Furthermore, echo chambers thrive when people “interact primarily within their group.” As is the case with Facebook’s recommendation mechanisms, users are only exposed to content of a homogeneous perspective in line with their own, thus reinforcing the creation and sustenance of echo chambers. Within these environments, the more repeated a story is, the likelier its acceptance, despite being “completely fabricated.”
The circulation of falsified news stories by fake accounts within and among Facebook circles of Duterte’s and Marcos’ supporters, aided by Facebook’s intricate algorithm, has intensified these echo chambers. In fact, their supporters even went as far as “[attacking] professional journalists,” in essence delegitimizing their credibility. It is evident, therefore, that Facebook has aided in radicalization.
Free from state restrictions and censorship, the Internet’s public sphere was a concept that aimed to empower citizens’ political participation. In a world where real life is seemingly intertwined with social media, however, the public sphere is arguably under threat.
While platforms such as Facebook have allowed everyday citizens to enhance their political participation and engage with others, they have also led to the abuse of content-creation tools. The combination of citizens’ heavy dependence on Facebook, the increase in misinformation, and Facebook’s content regulation practices ultimately undermined the benefits that the platform would have otherwise served.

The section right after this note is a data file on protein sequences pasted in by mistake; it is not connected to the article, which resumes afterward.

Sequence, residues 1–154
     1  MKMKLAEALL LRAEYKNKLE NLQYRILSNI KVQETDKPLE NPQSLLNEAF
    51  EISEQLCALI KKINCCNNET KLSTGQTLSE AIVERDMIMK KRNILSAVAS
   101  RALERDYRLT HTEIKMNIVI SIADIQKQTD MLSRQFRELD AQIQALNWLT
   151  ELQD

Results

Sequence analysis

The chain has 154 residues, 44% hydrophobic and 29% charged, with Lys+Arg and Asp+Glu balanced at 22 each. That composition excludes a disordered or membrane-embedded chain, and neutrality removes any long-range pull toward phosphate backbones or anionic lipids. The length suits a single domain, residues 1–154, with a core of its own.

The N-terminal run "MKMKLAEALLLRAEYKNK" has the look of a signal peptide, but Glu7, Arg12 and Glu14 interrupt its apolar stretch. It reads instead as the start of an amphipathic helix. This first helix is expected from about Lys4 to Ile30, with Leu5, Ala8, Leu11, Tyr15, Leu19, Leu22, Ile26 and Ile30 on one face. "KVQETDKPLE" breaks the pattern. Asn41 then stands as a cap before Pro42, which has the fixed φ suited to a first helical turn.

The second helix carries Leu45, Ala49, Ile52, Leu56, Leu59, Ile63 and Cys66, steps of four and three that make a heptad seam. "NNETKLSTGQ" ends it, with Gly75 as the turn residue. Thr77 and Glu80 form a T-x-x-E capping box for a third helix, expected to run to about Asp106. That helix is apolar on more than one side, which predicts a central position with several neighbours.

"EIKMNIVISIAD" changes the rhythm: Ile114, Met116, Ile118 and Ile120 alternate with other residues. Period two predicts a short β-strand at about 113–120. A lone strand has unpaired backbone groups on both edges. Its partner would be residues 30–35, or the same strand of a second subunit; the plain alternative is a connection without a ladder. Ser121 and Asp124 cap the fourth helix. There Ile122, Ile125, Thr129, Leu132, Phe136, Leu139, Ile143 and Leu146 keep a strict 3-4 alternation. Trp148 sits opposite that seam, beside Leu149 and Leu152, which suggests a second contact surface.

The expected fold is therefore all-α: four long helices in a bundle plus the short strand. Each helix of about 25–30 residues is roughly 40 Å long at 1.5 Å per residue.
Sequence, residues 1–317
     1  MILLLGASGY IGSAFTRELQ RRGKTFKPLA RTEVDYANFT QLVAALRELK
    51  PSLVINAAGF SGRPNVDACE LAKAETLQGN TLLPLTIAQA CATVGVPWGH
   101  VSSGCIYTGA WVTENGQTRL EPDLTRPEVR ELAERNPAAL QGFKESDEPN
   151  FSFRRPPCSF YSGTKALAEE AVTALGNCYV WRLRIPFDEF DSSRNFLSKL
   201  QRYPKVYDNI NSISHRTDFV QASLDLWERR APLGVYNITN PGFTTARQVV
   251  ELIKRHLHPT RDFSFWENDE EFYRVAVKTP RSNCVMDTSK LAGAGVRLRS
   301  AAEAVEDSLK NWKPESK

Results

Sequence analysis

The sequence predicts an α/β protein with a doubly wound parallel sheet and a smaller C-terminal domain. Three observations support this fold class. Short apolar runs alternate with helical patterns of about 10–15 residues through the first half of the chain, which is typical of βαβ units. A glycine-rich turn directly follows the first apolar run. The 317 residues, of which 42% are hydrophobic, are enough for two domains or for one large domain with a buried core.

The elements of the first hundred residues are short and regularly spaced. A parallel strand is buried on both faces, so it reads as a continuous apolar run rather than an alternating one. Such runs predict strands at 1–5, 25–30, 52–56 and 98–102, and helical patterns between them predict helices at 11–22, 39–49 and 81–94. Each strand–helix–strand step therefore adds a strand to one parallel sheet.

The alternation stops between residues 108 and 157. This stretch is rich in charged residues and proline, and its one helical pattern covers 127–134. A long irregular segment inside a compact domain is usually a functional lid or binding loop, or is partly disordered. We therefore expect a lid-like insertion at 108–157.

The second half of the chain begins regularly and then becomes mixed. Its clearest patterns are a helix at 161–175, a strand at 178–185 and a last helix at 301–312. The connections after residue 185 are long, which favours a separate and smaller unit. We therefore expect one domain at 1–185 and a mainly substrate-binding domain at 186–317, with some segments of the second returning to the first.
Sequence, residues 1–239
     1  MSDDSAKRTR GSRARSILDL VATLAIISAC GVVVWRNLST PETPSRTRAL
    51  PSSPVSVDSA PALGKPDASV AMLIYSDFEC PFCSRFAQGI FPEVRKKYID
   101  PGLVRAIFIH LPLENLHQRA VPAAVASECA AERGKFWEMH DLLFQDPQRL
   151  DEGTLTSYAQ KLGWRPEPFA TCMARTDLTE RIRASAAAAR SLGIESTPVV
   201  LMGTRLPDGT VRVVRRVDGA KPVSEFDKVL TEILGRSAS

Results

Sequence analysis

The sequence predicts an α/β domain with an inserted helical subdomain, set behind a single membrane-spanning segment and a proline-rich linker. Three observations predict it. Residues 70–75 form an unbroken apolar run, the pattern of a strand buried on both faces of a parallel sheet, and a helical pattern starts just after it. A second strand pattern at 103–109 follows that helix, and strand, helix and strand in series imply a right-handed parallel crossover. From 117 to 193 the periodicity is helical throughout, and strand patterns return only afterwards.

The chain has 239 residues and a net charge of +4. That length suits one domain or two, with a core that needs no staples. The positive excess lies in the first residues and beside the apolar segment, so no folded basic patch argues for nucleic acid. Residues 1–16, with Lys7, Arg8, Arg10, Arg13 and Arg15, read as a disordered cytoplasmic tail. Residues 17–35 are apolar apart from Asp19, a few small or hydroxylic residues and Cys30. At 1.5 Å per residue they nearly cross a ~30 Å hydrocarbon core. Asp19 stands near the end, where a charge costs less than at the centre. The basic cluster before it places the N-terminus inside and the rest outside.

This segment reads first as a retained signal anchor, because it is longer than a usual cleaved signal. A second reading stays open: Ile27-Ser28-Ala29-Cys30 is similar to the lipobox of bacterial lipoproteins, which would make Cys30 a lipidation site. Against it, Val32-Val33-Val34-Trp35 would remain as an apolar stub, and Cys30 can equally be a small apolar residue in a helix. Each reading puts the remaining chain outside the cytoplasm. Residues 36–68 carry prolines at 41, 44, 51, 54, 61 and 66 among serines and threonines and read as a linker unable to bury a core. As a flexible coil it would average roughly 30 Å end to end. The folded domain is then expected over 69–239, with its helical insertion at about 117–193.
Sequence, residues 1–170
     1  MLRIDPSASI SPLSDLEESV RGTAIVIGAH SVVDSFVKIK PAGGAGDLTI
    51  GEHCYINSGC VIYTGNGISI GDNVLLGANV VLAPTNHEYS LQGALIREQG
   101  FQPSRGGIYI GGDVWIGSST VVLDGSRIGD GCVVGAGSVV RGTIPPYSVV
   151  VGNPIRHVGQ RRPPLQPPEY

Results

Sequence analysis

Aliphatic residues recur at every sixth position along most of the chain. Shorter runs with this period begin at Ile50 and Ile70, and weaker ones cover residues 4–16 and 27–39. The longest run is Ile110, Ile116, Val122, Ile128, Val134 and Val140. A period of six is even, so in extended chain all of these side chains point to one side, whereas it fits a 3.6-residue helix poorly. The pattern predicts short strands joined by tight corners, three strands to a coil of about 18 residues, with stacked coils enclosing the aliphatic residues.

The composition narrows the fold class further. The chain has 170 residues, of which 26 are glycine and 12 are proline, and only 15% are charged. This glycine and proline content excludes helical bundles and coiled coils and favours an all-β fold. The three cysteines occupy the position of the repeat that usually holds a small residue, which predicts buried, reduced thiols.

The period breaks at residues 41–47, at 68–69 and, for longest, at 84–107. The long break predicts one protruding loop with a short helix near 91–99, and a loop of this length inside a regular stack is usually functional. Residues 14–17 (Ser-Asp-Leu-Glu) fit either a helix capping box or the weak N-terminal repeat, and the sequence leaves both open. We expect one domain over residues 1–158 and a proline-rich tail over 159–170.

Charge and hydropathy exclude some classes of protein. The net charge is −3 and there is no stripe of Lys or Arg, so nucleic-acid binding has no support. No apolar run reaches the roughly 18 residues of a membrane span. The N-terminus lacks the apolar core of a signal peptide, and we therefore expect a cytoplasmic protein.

Instead, Facebook further divided its users politically, resulting in the intolerance of opposing views fueled by the consumption of falsified information.
Despite the growing awareness of the tactics employed during the 2016 elections, similar patterns persist today, further putting the country’s democratic principles at risk. As Filipinos continue to use Facebook and other social-media sites for political engagement, there is no guarantee that these platforms can continue to serve truly and effectively as a productive public sphere in the near future.